Trying to shake a losing culture can take years or even decades for a franchise. With every new front office or coaching hire, a new era dawns with nothing but positive ideals and a vision of the team's trophy case filled with, well, trophies. A bright future is assured by the new hire, with promises of getting things done a different way. A winning way. A new sheriff is in town, and he's not going to be like that old, losing, pathetic sheriff, who kept fumbling his gun and tripping over his spurs.
It took a number of Buckys and Stumps along with the suspension of George Steinbrenner for the New York Yankees to recover their mojo, and put their stamp on a winning culture that's been going on almost two decades now (not to mention all the other decades in which they were successful).
The New Yorkhave had continuity in the Maras, and with general-manager tenures that have lasted more than the blink of an eye, with George Young, Ernie Accorsi and now Jerry Reese being the only three they've had the past 31 years. They've won three Super Bowls and are perennial playoff contenders in that time.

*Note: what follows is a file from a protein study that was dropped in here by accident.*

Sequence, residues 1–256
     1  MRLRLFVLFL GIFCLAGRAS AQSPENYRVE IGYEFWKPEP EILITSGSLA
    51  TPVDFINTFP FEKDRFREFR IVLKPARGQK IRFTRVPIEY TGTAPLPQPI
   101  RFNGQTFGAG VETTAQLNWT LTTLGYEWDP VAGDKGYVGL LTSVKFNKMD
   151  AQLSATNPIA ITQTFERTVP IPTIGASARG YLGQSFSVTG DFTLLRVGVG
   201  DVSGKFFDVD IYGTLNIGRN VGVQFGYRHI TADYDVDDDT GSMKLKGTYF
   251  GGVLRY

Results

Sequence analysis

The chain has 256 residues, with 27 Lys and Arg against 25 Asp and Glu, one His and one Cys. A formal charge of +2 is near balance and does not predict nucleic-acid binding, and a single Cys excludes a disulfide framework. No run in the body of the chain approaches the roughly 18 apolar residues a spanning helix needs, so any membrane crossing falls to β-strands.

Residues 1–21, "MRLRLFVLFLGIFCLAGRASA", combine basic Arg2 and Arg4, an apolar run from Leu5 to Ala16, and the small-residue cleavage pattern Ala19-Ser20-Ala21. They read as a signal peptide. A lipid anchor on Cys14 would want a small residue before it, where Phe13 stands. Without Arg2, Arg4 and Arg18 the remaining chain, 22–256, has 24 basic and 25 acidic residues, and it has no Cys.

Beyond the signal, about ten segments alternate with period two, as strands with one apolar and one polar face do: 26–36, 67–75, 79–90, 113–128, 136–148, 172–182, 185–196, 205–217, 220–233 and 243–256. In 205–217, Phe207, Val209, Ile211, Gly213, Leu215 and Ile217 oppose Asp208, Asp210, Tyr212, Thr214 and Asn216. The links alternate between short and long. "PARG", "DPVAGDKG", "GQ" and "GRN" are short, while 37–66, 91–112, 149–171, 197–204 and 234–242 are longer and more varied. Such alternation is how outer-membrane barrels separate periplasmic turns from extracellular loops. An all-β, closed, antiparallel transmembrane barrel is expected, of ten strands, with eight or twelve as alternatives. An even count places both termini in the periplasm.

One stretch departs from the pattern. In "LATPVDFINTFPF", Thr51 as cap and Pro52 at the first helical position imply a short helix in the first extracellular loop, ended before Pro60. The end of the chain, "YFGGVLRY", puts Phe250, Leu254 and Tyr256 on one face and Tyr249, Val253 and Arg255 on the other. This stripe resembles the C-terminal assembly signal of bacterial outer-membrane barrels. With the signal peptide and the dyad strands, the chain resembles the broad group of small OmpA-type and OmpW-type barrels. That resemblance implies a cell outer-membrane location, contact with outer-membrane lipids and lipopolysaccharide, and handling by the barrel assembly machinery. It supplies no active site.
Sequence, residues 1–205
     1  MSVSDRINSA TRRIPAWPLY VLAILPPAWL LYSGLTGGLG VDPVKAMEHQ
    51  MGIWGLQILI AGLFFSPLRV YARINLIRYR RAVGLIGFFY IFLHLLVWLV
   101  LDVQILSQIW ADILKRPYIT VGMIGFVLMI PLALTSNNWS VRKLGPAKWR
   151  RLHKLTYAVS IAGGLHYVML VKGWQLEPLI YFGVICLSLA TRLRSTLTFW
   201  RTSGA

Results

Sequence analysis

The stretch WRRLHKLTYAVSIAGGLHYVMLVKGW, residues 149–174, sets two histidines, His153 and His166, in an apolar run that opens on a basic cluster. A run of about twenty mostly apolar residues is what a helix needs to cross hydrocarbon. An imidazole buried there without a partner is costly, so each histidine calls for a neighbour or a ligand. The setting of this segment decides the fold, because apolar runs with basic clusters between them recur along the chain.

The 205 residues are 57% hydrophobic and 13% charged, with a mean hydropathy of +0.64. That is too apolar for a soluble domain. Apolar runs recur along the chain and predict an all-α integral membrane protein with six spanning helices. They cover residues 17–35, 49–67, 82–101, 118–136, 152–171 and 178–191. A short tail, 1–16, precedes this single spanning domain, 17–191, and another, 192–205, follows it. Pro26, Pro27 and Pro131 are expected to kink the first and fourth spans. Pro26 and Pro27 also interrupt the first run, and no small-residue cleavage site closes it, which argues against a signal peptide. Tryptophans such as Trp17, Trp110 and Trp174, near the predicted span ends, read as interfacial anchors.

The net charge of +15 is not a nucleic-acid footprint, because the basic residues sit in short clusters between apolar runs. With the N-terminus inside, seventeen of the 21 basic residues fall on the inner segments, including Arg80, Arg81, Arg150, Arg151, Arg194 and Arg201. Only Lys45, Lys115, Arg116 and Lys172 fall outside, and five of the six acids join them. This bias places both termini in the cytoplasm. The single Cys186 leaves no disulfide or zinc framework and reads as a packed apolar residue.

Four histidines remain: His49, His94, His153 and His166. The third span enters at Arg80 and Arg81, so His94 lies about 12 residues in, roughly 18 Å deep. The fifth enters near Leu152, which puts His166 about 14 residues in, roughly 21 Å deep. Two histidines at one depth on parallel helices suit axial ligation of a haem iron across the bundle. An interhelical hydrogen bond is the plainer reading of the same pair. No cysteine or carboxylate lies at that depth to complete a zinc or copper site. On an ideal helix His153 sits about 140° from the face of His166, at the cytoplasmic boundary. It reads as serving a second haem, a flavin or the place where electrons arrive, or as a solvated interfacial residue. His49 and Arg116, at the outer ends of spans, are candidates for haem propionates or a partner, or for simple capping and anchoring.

The New York Jets have not only changed their culture but Rex Ryan has given the old losing ways the middle finger and kicked them out the door. Swagger and confidence have replaced any woe-is-me mentality. Shaun Ellis recently told the New York Post, "The last two years has not been the Same Old Jets. I think Rex came in and really changed the culture of this team, putting winners together in back-to-back seasons. It's not the Same Old Jets." Monday's game aside, they're the "new F'in' Jets and if you don't like it, we don't give a crap" Jets.
Probably in spite of, as opposed to because of, Glen Sather being in charge, the New Yorkhave turned themselves around since the lockout with four consecutive playoff appearances, only missing out last year by a point, and they're again on track for another winning season with playoff aspirations, with a core of young players intact.